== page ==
Where Did Bidets Originate

Where Did Bidets Originate?: Complete History of Bidets

What most people refer to as bidets nowadays is a washlet or a toilet with a bidet attachment, seat, or handheld sprayer. The original bidet wasn’t attached to or on a toilet. The first bidet was a separate or standalone basin or bowl in a bathroom, boudoir, chamber, privy, or water closet. 

Modern bidets as toilet attachments originated in the US in the 20th century. The bidet as a standalone basin or bowl originated in 18th-century France. But the very first bidet may have preceded those we know by decades, if not centuries, especially in France and Italy.

There isn’t sufficient historical evidence to definitively conclude that the early modern era bidets originated in one place or were designed by a particular person. Like all essentials, bidets may have multiple origins, sequentially or simultaneously. Read on to know the history of bidets.

Where Did Bidets Originate

Bidets have two distinct origin stories because the classic and modern avatars are not identical or even similar, albeit all the versions have had the same purpose. Also, the two tales share the same historical and technological evolution. 

Let me first highlight the seminal developments related to the classic or original bidet.

The Origin of the Bidet in the Early Modern Era

There’s a consensus that Christopher Des Rosiers, also spelled as DesRosiers, Desrosiers, and des Rosiers, created the bidet that is evidentially the first or the original sanitation furniture of its kind. 

However, this historical proof is more specifically about a royal bidet and its growing popularity since the time of King Louis XIV, the longest-reigning monarch of France, and among all reigns in Europe as well as the world.

Christopher Des Rosiers was a furniture maker who served the royal palace, among others. In the first decade of the 1700s, Des Rosiers designed and made a type of sanitation device or tool. The furniture comprised a porcelain bowl mounted on a wooden platform with legs.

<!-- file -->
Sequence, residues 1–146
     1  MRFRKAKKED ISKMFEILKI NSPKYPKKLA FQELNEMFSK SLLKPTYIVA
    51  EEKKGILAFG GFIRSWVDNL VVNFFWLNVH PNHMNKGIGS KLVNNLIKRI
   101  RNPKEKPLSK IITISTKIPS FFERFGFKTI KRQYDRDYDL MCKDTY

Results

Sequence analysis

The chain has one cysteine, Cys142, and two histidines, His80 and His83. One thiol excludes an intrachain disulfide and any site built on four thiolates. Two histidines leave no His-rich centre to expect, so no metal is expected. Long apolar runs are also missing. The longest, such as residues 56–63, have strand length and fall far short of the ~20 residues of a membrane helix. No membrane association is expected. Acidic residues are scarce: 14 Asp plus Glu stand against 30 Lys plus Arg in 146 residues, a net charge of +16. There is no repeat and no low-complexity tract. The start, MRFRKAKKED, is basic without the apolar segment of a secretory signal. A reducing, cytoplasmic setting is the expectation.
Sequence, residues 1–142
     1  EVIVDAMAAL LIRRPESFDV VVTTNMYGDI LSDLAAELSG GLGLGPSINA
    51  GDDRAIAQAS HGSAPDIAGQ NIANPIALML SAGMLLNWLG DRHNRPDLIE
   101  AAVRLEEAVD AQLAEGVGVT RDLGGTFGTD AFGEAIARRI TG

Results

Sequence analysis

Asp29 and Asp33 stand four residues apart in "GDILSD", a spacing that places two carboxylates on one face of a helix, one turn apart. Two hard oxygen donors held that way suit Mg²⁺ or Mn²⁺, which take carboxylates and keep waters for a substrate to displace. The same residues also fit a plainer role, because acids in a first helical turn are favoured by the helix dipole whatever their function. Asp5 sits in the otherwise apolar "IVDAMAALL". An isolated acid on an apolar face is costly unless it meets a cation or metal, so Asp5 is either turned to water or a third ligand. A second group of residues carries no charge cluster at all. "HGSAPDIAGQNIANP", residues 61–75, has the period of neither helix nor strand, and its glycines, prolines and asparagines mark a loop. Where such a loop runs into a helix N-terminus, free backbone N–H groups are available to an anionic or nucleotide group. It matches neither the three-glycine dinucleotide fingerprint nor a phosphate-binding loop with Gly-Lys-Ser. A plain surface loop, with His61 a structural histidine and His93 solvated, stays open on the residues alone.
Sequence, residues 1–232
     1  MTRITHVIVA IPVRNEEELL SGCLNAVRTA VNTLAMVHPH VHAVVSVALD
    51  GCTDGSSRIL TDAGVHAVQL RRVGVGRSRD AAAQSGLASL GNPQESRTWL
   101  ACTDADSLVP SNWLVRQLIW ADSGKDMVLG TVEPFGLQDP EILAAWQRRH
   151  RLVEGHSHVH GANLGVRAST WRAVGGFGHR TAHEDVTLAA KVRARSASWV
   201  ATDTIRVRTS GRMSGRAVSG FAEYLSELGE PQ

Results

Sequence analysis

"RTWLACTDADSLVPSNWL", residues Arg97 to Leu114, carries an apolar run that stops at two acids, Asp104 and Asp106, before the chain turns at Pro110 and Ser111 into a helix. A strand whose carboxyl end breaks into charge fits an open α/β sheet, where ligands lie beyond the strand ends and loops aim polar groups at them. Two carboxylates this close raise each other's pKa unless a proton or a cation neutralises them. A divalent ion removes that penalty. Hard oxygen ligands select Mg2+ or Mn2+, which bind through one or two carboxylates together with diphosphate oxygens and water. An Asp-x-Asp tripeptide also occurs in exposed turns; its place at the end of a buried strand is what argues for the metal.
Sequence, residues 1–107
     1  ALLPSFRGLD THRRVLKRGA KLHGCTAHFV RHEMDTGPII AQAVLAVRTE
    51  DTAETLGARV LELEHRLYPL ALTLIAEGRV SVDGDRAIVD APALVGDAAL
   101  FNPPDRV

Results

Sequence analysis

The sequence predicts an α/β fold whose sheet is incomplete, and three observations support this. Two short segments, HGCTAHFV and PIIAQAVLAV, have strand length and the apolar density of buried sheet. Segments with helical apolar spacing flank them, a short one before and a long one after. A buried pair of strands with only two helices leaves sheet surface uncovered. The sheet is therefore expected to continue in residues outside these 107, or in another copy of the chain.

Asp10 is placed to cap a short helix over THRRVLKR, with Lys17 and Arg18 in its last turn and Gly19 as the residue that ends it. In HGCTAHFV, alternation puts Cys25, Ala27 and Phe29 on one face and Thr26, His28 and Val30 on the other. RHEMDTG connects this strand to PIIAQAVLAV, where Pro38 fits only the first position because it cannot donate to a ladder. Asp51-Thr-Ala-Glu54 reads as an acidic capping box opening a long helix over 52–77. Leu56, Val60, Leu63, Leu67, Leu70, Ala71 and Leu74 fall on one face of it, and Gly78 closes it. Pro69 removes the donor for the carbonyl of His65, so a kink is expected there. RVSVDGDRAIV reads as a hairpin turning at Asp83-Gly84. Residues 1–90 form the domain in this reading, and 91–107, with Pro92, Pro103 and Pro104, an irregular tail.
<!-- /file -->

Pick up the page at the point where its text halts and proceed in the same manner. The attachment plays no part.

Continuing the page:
The ceramic bowl wasn’t exactly round. It was more like an elongated or oval basin. The bowl was mounted on a wooden platform with legs or stands, which were made of mahogany. The French had abundant mahogany exported from its Caribbean colonies at the time of Louis XIV.

There isn’t a specific date documented to mark the creation or delivery of the royal bidet made by Christopher Des Rosiers. The years cited by historians vary from 1705 to 1710, the latter being a publication when the term ‘bidet’ was first used in the context of sanitation furniture.

Thus, it is fair to consider the possibility that bidets were already in use prior to the special one created for King Louis XIV. There were also different versions of a basin or bowl for bathing and cleaning purposes across civilizations until the early modern era, including the following periods:

  • Bronze Age
  • Iron Age
  • Classical
  • Medieval

That said, bidets used by King Louis XIV, others in the palace, and French aristocrats were the first widespread adoption of such a sanitation device in a culture or society. This original bidet popularized in France had many immediate successors, including a famous one.

The Portable Silver-Gilt Bidet of Napoleon Bonaparte

Among the reasons for the popularity of bidets in 18th-century France was the prevailing belief that bathing or washing was unhealthy due to contaminants spread through water. King Louis XIV was known for not having baths, so the bidet became essential to his sanitary hygiene.

Many people, regardless of gender and including aristocrats and members of the royal families, didn’t have regular baths or showers at the time. Naturally, bidets became a useful way to wash and clean one’s anterior and posterior. The bidet became more popular and prevalent over time.

A documented piece of evidence other than the first publication about a bidet referring to King Louis XIV serves as the source to establish the historical origin and proof of the popularity of bidets in France in the 1700s. That proof is Napoleon Bonaparte’s last will or testament.

Napoleon Bonaparte’s testament or last will had an inventory of all his possessions, especially what he used. The long list included a silver-gilt bidet, among the following:

  • Alarm clock of Frederic II
  • French telescope
  • Furnished silver dressing-case
  • Gold clock, watches, seals, etc.
  • Iron bedsteads, mattresses, etc.
  • Mahogany boxes
  • Silver-gilt perfuming pan
  • Silver decanters
  • Wash handstand 
  • Water jug

Napoleon Bonaparte always traveled with his portable bidet, irrespective of the destination or the purpose of his journey. Also, the same inventory in his last will listed all his wearables, so it is fair to conclude that the silver-gilt bidet was as crucial to his daily life as these essentials:

  • All-in-one vests
  • Batiste sheets
  • Belts
  • Braces
  • Coats
  • Collars
  • Cravates
  • Dressing gowns
  • Flannel waistcoats
  • Gaiters
  • Handkerchiefs
  • Hats
  • Linen shirts
  • Night trousers
  • Pillowcases
  • Shoes
  • Silk stockings
  • Slippers
  • Socks
  • Towels

The choice or use of silver for Napoleon’s bidet isn’t surprising because the metal is known for its antimicrobial properties. Additionally, there is evidence of Napoleon Bonaparte’s silversmith and goldsmith making bidets, among other artifacts and furniture.